A website from the Massachusetts Historical Society; founded 1791.
close
-
The Adams Papers Digital Edition is undergoing active maintenance while we work on improvements to the system. You may experience slow performance or the inability to access content. We apologize for any inconvenience this may cause. We will endeavor to return to full capabilities as soon as possible.

Browsing: Adams Family Correspondence, Volume 3


Search for a response to this letter.

Docno: ADMS-04-03-02-0074

Author: Thaxter, John
Recipient: Adams, Abigail
Date: 1778-09-11

John Thaxter to Abigail Adams

[salute] Madam

Your favor of the 26th. Augst. I was honored with last Monday.
Just after I had wrote my last to you we had an account here of the action at Rhode Island. I am very happy in its being successful in so { 89 } great a degree; but will be honest enough to declare that my most pleasing expectations are disappointed. There seemed to be a Certainty almost of a total reduction of the Enemy at that post. There is a Spell set upon the Island, which we shall not I fear be able soon to remove.
The Spirit and Patriotism of the Militia in the affair have acquired them much honor every where. Congress have thanked them for their Exertions.
Pardon my impoliteness in omitting to congratulate you on the birth of the H[aver]hill Nephew. My only apology must be that I really intended, what unfortunately escaped my recollection at the time of writing. May a sincere Congratulation at this present expiate the offence. I hope it is “bettered by the Mothers side” in all conscience, else I pity it. May it be an heir to its sweet mother's Perfections and an alien to its Father's <Imperfections>.
[In the margin beside the preceding paragraph:] This is too impudent. The flames will purify.
I have not as yet been able to get any needles of the Number Mr. Hardwick wants. I will make all enquiry possible. If I can procure any I will send them forward.
I am very desirous to hear from Mr. A. and Son again. I was very glad in hearing of the health of both sometime agone. You will certainly hear oftener in a little time. The intercourse with that Country will become more general.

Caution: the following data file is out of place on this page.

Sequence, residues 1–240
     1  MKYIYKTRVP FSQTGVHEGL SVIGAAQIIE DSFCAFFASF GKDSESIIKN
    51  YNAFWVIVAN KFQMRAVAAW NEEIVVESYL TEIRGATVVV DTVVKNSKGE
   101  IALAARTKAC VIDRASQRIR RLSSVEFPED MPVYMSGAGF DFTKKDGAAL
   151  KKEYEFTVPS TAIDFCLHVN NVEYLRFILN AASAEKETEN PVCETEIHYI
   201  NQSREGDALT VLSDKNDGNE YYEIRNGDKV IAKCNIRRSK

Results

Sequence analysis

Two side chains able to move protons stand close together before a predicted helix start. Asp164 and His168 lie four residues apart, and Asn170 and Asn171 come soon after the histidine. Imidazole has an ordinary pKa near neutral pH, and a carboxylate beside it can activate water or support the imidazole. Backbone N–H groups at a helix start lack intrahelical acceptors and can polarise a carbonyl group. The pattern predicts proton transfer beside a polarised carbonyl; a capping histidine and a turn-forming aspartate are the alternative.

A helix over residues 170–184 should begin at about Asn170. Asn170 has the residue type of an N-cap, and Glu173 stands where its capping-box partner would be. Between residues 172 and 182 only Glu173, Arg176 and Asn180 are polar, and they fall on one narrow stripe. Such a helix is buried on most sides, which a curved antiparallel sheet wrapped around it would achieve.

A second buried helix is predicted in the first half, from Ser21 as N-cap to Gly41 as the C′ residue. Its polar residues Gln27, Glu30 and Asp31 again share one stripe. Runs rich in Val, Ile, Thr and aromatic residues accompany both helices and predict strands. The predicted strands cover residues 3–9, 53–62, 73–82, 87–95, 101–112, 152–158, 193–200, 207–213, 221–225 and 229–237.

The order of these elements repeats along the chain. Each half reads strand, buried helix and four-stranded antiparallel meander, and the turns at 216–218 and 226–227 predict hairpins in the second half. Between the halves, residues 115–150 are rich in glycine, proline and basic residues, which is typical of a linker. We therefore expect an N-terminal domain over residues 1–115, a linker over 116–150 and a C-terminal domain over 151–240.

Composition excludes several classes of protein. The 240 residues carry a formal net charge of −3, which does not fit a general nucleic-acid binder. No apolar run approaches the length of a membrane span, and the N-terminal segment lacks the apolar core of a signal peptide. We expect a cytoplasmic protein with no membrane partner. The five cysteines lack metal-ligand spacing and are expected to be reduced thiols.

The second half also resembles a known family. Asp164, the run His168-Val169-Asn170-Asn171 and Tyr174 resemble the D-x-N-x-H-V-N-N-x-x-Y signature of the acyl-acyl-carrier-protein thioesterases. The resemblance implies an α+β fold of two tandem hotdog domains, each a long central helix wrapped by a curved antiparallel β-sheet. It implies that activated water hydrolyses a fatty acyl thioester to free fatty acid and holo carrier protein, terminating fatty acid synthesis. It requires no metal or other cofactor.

[salute] With great respect I am Madam Your very Hble. Servt.

[signed] J.T. Junr.
I have just heard that a vessel has arrived at some part of Maryland after a passage of 26 days. The news brought by her is to the following effect—that the Brest fleet, consisting of 30 sail of the line and 40 frigates, had sailed. That Keppel had sailed from his Station; but soon returned.—This is the substance. What will be the consequence time will unfold.—It is all conjecture at present.
I begin to feel the greatest uneasiness for Providence and Boston. May they escape the vengeance of a merciless Enemy.
[signed] J.T.

Docno: ADMS-04-03-02-0075

Author: Lovell, James
Recipient: Adams, Abigail
Date: 1778-09-12

James Lovell to Abigail Adams

I have the Mortification of being obliged to tell the amiable Portia { 90 } that the Council of Pensylvania will not grant a partial Exportation of Flour from their State while the general Embargo lasts: So that I cannot soon have the Pleasure of executing the Commission which that lovely Woman has entrusted to me.1 The State of Massachusetts [Bay?] 2 will have the Direction of a Quantity out of which the distressed Inhabitants may get a Pittance. I shall join Portia in my Attentions to my dear Mrs. Lovell upon the first free Exportation from hence.

[salute] With affectionate Esteem,

[signed] J L
RC (Adams Papers); addressed: “Mrs. John Adams Braintree To Care of Isaac Smith Esqr. Boston.”
1. See Lovell to AA , 1 Sept., above, and note 1 there.
2. MS damaged.